Rhode Island

Fishermen face shutdowns as warming hurts species

PORTLAND, Maine (AP) — Fisheries regulators and the fishing industry are grappling with the possibility that some once-profitable species that have been declining due to climate change may not come back.

Several marketable species caught by US fishermen are subject to quota cuts, seasonal closures and other restrictions as populations have declined and waters have warmed. In some cases, such as bottom fishing for species like Northeast flounder, the changing environment has made it harder for fish to recover from years of overfishing that has already weighed on populations.

Officials in Alaska have canceled the fall harvest of red king crab in Bristol Bay and the winter harvest of snow crab, dealing a blow to the Bering Sea crab industry, which is sometimes worth more than $200 million a year, as populations confront decreased due to warming of the water. The Atlantic cod fishery, once New England’s vital industry, is now essentially closed. But even with depleted populations at risk from climate change, it’s rare for regulators to shut down a fishery entirely, as they are considering for New England shrimp.

The northern shrimp, once a seafood delicacy, has been subject to a moratorium on fishing since 2014. Scientists believe that warming water is wiping out their populations and they won’t come back. As a result, the Atlantic Ocean Fisheries Regulatory Commission is now considering making this moratorium permanent, essentially ending the centuries-old shrimp harvest.

It’s a powerful siren for several species caught by US fishermen that regulators say are on the brink. Others include soft-shell clams, winter flounder, Alaskan snow crab, and chinook salmon.

It’s hard to say how many fisheries are threatened primarily by warming waters, but further cuts and closures are likely in the future as climate change worsens, said Malin Pinsky, director of the graduate program in ecology and evolution at Rutgers University.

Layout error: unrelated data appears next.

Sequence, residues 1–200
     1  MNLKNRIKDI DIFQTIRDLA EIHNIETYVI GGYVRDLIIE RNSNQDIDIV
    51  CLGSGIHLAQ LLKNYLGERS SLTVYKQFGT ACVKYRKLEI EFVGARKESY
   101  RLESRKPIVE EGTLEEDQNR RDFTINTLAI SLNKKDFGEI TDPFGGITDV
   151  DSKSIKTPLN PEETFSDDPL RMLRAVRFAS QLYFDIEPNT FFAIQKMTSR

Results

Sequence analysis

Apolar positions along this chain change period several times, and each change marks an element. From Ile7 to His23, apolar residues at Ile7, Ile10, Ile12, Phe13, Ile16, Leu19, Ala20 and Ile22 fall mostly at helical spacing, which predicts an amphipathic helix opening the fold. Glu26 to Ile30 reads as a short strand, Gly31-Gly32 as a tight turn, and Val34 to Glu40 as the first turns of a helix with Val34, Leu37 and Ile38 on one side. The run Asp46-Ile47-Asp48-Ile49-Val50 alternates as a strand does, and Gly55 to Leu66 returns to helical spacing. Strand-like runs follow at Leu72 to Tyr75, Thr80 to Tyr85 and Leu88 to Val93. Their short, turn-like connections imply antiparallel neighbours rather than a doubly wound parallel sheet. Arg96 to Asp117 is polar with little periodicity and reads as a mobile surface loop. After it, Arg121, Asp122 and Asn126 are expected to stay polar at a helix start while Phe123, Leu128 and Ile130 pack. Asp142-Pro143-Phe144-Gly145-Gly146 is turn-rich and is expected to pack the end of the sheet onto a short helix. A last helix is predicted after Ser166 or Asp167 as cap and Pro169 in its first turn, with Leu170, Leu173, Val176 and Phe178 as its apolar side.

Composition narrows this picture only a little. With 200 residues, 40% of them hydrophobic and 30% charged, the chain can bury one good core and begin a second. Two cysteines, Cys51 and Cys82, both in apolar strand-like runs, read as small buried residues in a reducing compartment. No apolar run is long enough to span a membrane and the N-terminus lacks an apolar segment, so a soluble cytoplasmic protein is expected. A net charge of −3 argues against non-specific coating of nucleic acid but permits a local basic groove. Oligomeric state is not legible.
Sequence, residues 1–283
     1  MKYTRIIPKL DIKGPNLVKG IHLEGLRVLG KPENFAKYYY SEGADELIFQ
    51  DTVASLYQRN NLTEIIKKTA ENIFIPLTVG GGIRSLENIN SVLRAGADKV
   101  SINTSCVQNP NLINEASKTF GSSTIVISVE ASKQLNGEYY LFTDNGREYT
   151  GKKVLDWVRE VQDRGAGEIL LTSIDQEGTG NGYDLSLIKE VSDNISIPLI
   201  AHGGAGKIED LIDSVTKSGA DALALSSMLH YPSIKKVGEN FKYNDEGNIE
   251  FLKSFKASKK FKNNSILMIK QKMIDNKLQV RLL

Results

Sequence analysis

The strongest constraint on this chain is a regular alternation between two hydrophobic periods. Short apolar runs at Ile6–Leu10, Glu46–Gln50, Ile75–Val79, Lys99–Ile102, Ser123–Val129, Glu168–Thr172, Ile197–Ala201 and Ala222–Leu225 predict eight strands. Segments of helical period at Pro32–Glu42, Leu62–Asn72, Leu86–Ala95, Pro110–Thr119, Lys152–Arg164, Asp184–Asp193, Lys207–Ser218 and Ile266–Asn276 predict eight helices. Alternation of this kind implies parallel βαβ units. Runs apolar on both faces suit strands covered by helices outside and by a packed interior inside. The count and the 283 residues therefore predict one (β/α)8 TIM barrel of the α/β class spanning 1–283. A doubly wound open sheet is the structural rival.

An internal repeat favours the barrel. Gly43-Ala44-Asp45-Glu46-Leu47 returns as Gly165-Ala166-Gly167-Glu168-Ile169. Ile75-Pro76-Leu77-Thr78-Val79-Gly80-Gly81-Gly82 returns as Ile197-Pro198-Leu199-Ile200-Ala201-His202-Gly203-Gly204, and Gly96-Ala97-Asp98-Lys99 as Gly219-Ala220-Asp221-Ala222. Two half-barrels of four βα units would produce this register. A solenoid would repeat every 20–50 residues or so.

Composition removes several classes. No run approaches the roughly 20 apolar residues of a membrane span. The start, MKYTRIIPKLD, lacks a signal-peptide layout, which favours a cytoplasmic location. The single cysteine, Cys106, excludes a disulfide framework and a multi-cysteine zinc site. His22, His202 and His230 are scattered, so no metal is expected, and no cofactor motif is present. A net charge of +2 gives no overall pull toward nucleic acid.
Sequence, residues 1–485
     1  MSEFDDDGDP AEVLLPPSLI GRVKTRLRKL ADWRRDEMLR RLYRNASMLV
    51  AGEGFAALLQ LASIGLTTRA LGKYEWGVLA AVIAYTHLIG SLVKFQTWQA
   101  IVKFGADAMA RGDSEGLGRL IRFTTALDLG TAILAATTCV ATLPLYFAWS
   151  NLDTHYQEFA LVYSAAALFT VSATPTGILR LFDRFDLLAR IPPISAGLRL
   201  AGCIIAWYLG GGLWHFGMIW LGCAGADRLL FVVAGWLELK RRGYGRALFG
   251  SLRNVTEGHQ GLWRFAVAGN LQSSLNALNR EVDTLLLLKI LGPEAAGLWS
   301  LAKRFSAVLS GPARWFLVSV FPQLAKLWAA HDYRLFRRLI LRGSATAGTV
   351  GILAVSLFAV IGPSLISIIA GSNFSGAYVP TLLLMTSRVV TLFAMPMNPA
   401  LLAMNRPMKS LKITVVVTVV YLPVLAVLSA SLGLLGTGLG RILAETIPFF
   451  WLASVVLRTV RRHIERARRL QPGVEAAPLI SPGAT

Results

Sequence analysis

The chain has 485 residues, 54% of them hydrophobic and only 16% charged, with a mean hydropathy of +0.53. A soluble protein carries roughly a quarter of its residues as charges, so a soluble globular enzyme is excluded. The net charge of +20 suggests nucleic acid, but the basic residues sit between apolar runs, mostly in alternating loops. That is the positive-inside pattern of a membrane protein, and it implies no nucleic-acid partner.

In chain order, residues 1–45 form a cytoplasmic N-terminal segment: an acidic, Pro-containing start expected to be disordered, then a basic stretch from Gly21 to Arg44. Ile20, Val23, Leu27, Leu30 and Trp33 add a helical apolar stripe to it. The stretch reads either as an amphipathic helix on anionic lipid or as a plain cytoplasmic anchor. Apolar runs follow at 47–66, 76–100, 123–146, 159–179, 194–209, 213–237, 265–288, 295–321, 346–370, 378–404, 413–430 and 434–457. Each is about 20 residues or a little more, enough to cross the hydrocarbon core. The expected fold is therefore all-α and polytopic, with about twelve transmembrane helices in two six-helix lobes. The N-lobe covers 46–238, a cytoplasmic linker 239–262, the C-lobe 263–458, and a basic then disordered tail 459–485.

“This pattern of climate change and how it’s unfolding in communities and coastal economies is something we need to get used to,” Pinsky said. “Many years are pushing us out of what we have experienced historically, and we will continue to monitor these other novel conditions over the years.”

While it’s unclear if climate change was ever the dominant factor in the permanent closure of any US fishery, global warming is a key reason several once-robust fisheries are in increasingly poor health and have been regulated more aggressively in recent years. Warming temperatures introduce new predators, cause species to shift their population center north, or make it harder for them to grow to maturity, scientists said.

In the case of the northern shrimp, scientists and regulators at a meeting in August said the population has not recovered after nearly a decade without commercial fishing. Regulators will reconsider the possibility of a permanent moratorium this winter, said Dustin Colson Leaning, coordinator for fisheries management plans at the Atlantic States Commission. Another approach could be for the Commission to give up control of the fisheries, he said.

The shrimp prefer cold temperatures, but the Gulf of Maine is warming faster than most oceans. Scientists say warming waters have also brought new predators to the Gulf.

But in Maine, where the cold-water shrimp fishery is based, fishermen have tried to argue that shrimp abundance is cyclical and any move to permanently end the fishery is premature.